The argument is that the words ‘must also order’ in (4) means that if the award in (3) is not payable because the landlord has returned the deposit, the award in (4) is not payable either. You can only have both or neither.
If a landlord can escape liability by simply handing over a cheque in the court waiting room, five minutes before the hearing, it makes the penalties look ridiculous.
We urgently need a test case to go to the Court of Appeal so we all know where we stand.
Saturday, April 25, 2009
Having nothing better to do today, while messing around on the computer I did a twitter search on Foxtons. It was interesting to see what came up.
- There were a large number of moans from discontented tenants and landlords.
- There was the announcement of the Court of Appeal's decision (against Foxtons) in the preliminary point in the case brought by the OFT (see more here).
- Finally (and I had missed this earlier) there were, a couple of days after the CA decision announcement, tweets on the possible deal re-financing Foxtons and writing off their massive debt (see the report here on Reuters)
Could all these be connected?
My own view is that I don't want them to go bust before the case with the OFT has gone through to its conclusion. There are so few cases on the Unfair Terms in Consumer Contracts Regulations, we really need this one. Plus it is important now for the letting industry to know where they stand.
One aspect of the Foxtons case which I have not seen mentioned is the impact this will have on the status of past payments.
To remind readers, a claim has been brought against Foxtons by the Office of Fair Trading, for a declaration that some of the terms in their landlord agency agreements are unfair under the Unfair Terms in Consumer Contracts Regulations 1999 (see my post here).
The OFT are objecting to clauses which require landlords to pay commission when tenants renew where Foxtons are not managing the property (and even if the landlord has sold the property), and also pay commission if the property is sold to the tenant where Foxtons pay no part in the sale.
We have had a preliminary Court of Appeal decision in the case which says that the ruling (when we get it) will apply to both current and future contracts. The High Court decision is expected shortly.
What I would like to know (and I am sure a lot of landlords would like to know also) is what then is the status of payments already made by landlords under these agreements. If the OFT win the case, then this will mean that these clauses were always unfair and unenforceable. Can landlords claim a refund?? Or offset payments made, against future commission?
Thursday, April 23, 2009
I am obliged once again to the Pain Smith blog for drawing my attention to a new County Court case on the Tenancy Deposit Protection Scheme regulations.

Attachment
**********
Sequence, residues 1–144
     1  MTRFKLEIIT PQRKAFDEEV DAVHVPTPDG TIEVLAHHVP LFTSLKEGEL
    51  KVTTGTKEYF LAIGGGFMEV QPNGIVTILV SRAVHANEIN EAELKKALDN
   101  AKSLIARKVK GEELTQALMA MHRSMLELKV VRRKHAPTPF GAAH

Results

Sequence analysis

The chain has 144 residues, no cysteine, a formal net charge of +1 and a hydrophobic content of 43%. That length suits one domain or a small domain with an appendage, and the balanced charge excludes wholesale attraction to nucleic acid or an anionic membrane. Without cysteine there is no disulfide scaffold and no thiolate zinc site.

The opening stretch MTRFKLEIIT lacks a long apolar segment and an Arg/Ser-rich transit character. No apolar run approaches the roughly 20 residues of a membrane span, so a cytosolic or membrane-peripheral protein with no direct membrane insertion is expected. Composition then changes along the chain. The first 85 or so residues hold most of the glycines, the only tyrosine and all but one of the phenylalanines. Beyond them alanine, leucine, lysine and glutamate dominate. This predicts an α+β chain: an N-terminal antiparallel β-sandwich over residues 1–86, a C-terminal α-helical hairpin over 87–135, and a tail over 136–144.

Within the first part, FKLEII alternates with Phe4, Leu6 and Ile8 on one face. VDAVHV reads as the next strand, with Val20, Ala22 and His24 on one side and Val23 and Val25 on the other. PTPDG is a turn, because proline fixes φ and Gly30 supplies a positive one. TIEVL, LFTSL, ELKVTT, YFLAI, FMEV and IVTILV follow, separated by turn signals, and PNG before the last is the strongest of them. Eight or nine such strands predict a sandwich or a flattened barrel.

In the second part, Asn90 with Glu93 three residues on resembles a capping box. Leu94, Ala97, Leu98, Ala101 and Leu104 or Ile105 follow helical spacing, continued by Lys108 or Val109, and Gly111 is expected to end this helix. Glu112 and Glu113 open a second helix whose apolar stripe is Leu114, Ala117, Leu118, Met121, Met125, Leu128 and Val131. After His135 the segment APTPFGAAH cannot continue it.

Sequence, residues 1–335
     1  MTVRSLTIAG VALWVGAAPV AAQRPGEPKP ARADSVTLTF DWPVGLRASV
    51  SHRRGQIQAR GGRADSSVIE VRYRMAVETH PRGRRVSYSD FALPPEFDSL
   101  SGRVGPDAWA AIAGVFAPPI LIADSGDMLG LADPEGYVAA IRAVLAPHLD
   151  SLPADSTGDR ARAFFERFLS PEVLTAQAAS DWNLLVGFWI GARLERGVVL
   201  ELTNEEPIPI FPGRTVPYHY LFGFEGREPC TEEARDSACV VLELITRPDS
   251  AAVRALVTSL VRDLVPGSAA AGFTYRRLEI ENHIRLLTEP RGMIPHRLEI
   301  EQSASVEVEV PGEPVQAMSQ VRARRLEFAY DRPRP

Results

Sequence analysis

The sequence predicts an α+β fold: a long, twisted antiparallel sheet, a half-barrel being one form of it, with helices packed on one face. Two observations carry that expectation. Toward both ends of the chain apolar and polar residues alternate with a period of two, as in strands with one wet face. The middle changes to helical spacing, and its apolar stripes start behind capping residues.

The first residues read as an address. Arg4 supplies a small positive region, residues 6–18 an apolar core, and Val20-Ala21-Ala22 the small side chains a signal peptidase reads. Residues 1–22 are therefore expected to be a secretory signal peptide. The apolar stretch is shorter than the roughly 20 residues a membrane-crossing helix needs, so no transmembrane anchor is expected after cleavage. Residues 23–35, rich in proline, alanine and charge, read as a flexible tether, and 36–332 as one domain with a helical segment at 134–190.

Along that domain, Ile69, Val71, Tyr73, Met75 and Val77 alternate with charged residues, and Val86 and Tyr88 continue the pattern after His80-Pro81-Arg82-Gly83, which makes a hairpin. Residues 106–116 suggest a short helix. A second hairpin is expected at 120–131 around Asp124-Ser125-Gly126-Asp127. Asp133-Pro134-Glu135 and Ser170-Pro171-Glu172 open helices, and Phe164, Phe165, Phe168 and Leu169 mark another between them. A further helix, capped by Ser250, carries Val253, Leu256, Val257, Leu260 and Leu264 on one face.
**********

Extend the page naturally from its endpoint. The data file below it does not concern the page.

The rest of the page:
One of the many imponderables of the regulations is whether or not they apply to deposits taken before 7 April 2007, where a new tenancy agreement had been taken after that date. In a County Court decision in Clerkenwell & Shoreditch recently, the Judge took the view (in my opinion, rightly) that when the tenancy is renewed (by the parties signing a new tenancy agreement) the deposit is, in effect, taken again and must therefore be protected from that point.
The blog also raises the spectre of periodic tenancies coming into the same category. This is because of section 5 of the Housing Act 1988 which provides for a new periodic tenancy to arise after the expiry of the fixed term. If the courts (and in particular the Court of Appeal) took this view, it would have very serious implicantions for practically all tenancies where the fixed term ended after 7 April.
My advice to all landlords holding deposits (or rent paid in advance) is that you should arrange to have them deposited as soon as possible (if you have not done so already), whether or not the deposit was paid before 7 April 2007. Only this way can you be (relatively) safe from claims from tenants under the regulations.
Some of you may have noticed that from time to time I go ‘off topic’. This is because I like writing and do not always want to confine myself to strictly legal matters. However I have decided to hive off some of my more creative writing into a new site, which I have called Tessa’s Travels. This will contain all my writings about trips, holidays and visits to places interesting.
I decided to try a new blog platform for the new blog and have used Wordpress. This is fairly easy to use (particuarly if you have used Blogger before) and there are some very nice templates. I have used ‘Connections’ by Patricia Miller. This allows me to customise the header and has a nice (albeit fairly limited) collection of widgets.